The Levine Building at Trinity College in central Oxford is a substantial new development set in the heart of Trinity's historic site – this is the first major upgrade of the college’s academic facilities in more than 50 years. It was officially opened by HRH The Prince of Wales on 12th May 2022.
The Levine Building provides world-class facilities for teaching, residential accommodation, public outreach, and social activity including purpose-built teaching rooms, student bedrooms, a large flexible function room, and an informal study/community space with café. The design supports the College’s ambition to improve diversity of applicants from a wider range of backgrounds, and to be a benchmark for overall accessibility. It is designed to sit comfortably within the College’s rich built and landscape heritage, on a site within a listed garden with significant historic trees nearby as well as there being archaeological interest.
The building, which has been designed as a modern classical building that will sit comfortably and harmoniously with its neighbours, is a cluster of 4 buildings each with its own scale, character, and use, and includes 46 new student bedrooms, a major new auditorium, a suite of new teaching rooms, a community space and café, a function space with rooftop garden, and a new library wing that also provides disabled access to the listed Trinity College library. It has been designed in such a way that it can be reconfigured internally over time if the needs of the College change. ADAM Architecture worked closely with user groups drawn from across the whole College community so that specific needs could be addressed.
It has stone-faced elevations finished in a honey-coloured ashlar limestone to match that used elsewhere in the College, and a pitched slate-covered roof. The palette of materials used, and traditional design principles employed in a restrained manner ensures the new building harmonises with the rich pantheon of historic buildings in the College.
ADAM Architecture was selected after a limited design competition in 2010 to design the new building to address the long term need for modern student accommodation and new academic facilities. Planning permission for the scheme was finally granted with unanimous approval by Oxford City Council in 2018, following a lengthy and complex planning process.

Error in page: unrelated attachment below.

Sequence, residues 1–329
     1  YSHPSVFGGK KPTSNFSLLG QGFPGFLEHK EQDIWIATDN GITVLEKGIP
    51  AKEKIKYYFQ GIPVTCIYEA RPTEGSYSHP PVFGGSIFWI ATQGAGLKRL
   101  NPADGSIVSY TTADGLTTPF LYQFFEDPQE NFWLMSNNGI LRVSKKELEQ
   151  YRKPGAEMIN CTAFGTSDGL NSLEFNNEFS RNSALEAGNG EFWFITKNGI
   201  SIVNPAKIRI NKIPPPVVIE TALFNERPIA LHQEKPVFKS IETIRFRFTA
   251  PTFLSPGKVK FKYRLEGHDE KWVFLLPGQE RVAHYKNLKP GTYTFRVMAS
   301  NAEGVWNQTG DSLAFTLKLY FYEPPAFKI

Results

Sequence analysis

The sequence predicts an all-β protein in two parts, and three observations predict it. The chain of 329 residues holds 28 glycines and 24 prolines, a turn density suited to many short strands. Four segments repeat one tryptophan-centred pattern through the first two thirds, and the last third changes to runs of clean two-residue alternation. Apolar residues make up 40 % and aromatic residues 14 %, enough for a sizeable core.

On opening the Building, The Prince of Wales said: "Trinity College presents the University at a human scale. And the work of your academics – as we’ve seen – is a force for good. I congratulate you all on the vital work you do and the generosity of spirit that underpins it. That same generosity of spirit clearly infused the development of this wonderful building. It’s a great responsibility to create new state-of-the-art facilities within an inspiring and historic setting – and indeed one that includes buildings by such giants as Christopher Wren. I offer my warmest congratulations to the many people who contributed their talents and expertise to create a building worthy of this historic site."
(image right- Hugh Petter and Trinity College President Dame Hilary Boulding with HRH The Prince of Wales. credit Ian Wallman)
About Trinity College
Trinity College is one of 39 colleges that make up the Collegiate University of Oxford; it was founded in 1555 in what was then a rural outpost, and which now forms the heart of Oxford’s city centre. The college has developed over four and a half centuries including designs by some of the great architects such as Sir Christopher Wren, Henry Aldrich, Thomas Graham Jackson, and Leonard Shuffrey, and is now a vibrant and diverse educational community of 450 students plus 300 academics and staff from more than 40 countries. The college has produced award-winning academics, successful leaders in the business, political and economic worlds, and passionate public servants, teachers, and campaigners.
The building is named for Sadie and Gerry Levine, the parents of Trinity Old Member Peter Levine, who came up as an undergraduate in the 1970s and whose generosity kickstarted the project.